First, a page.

Environmental Biology of Fishes

Seasonal and diel patterns in activity and habitat use by brook trout ( Salvelinus fontinalis ) in a small Newfoundland lake

Despite the challenges winter poses to salmonids inhabiting temperate and northern environments, there are relatively few studies that evaluate the factors that influence activity and habitat use during this season, particularly for lake environments that are ice-covered. This study examines brook trout depth distribution and movement (activity and range) in relation to temperature, light, and time of day across a 17-month period in a small lake in Newfoundland, Canada. Brook trout maintained elevated diurnal activity patterns throughout the year, despite seasonal changes in temperature, shifts in depth use, and prolonged, ice-induced darkness. Despite the tendency for relatively lower activity at night, brook trout remained active nocturnally, inferring a shift in foraging modes rather than a cessation of feeding. Winter movement velocities and ranges were less than other seasons but they occupied littoral areas that overlapped extensively with spring and fall core ranges. In contrast, summer core ranges of brook trout were principally comprised of areas with cooler water in the deep portion of the lake. As water temperature increased, daytime movement velocities increased in a log-linear fashion, whereas modeled nighttime movement velocity relationships with temperature were curvilinear and included the lowest movement velocities at 2–3 °C and the highest at the extremes of the occupied temperature range. The ability of brook trout to maintain diurnal activity patterns throughout a wide spectrum of environmental conditions suggests a strong behavioral and physiological capacity to adapt to their seasonally variable environment.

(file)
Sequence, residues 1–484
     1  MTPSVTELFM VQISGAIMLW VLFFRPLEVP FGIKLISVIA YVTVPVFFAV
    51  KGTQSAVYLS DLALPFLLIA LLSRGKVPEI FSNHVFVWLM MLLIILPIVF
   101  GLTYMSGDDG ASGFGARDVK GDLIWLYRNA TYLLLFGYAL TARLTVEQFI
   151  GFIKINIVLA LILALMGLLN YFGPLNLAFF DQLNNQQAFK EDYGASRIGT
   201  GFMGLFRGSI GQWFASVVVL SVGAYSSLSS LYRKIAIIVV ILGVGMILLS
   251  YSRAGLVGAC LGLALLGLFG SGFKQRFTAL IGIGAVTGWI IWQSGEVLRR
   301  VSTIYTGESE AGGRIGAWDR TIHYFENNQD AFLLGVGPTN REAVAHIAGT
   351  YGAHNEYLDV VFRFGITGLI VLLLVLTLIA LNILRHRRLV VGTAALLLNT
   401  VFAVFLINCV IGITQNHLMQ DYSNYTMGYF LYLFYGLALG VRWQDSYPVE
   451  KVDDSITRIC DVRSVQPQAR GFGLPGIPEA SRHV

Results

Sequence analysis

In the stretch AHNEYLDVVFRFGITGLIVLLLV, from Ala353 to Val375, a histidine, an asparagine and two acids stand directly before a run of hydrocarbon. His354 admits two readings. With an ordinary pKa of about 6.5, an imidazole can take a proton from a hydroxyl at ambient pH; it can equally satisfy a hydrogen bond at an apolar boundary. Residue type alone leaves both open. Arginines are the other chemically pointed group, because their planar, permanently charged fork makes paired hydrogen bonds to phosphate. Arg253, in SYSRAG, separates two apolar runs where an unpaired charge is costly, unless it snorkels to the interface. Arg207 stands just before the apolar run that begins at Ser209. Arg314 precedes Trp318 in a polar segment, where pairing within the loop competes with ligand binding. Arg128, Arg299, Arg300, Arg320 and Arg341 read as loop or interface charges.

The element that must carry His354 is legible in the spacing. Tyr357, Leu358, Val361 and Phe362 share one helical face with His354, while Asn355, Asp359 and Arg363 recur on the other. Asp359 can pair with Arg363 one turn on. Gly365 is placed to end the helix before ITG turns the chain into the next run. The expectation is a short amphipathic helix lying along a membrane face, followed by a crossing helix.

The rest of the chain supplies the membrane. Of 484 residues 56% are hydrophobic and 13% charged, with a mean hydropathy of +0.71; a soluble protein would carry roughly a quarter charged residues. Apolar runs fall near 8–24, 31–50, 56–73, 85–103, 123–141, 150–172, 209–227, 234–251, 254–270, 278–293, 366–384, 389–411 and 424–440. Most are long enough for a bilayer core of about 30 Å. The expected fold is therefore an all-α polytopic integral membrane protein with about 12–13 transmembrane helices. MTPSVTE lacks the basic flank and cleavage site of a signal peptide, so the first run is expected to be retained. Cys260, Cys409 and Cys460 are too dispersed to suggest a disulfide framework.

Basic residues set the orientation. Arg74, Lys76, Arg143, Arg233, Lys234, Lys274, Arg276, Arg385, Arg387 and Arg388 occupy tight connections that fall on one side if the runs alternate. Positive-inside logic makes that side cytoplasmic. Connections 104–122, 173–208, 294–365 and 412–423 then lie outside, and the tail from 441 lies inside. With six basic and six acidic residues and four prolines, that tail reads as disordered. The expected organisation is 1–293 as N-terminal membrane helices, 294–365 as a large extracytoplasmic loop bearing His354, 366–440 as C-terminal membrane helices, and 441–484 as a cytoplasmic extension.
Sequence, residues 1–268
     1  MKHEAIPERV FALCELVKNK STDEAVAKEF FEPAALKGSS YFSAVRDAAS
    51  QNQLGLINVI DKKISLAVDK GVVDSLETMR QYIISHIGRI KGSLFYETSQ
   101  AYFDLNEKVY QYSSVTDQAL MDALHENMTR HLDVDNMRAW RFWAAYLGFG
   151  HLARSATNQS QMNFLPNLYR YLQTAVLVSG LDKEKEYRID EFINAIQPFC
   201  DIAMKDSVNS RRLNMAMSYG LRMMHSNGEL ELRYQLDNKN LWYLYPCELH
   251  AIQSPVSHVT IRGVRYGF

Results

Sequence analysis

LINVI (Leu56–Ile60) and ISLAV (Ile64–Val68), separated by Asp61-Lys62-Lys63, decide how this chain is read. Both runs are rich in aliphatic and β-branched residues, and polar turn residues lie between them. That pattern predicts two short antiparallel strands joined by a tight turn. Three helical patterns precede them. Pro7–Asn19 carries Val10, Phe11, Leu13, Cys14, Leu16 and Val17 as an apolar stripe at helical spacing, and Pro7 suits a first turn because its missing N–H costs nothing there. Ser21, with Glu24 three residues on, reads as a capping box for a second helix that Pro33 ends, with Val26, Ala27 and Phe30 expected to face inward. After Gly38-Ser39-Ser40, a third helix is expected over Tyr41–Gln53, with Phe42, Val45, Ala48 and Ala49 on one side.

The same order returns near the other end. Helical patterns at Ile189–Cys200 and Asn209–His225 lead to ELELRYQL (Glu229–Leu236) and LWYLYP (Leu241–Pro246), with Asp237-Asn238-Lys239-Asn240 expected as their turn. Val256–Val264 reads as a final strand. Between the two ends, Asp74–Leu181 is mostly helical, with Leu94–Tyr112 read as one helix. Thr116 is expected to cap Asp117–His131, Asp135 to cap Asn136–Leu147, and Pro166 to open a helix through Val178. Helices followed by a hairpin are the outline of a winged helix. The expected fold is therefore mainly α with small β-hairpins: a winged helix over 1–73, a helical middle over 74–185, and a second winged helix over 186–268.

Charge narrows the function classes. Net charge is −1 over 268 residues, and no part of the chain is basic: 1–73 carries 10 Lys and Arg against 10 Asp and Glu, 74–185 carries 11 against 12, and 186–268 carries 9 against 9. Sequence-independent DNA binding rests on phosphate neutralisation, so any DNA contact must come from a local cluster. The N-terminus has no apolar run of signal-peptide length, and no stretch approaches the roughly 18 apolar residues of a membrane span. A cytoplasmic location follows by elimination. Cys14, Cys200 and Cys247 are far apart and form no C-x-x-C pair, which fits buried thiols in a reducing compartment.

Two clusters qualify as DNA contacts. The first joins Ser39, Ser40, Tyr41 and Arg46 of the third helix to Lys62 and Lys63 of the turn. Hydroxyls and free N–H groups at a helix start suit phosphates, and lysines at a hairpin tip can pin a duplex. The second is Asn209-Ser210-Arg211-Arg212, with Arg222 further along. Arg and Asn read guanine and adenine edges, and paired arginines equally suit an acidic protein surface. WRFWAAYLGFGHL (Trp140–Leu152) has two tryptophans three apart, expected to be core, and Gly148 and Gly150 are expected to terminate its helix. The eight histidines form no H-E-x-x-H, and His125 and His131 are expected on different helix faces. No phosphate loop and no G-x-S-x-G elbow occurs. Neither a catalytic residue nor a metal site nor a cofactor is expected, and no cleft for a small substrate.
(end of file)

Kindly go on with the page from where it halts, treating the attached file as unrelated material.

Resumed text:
Glossaire technique

Localité, c.-à-d., environnement dans lequel un organisme vit . lieu où...
Pour certains, il correspond à la ceinture des terres émergées et des...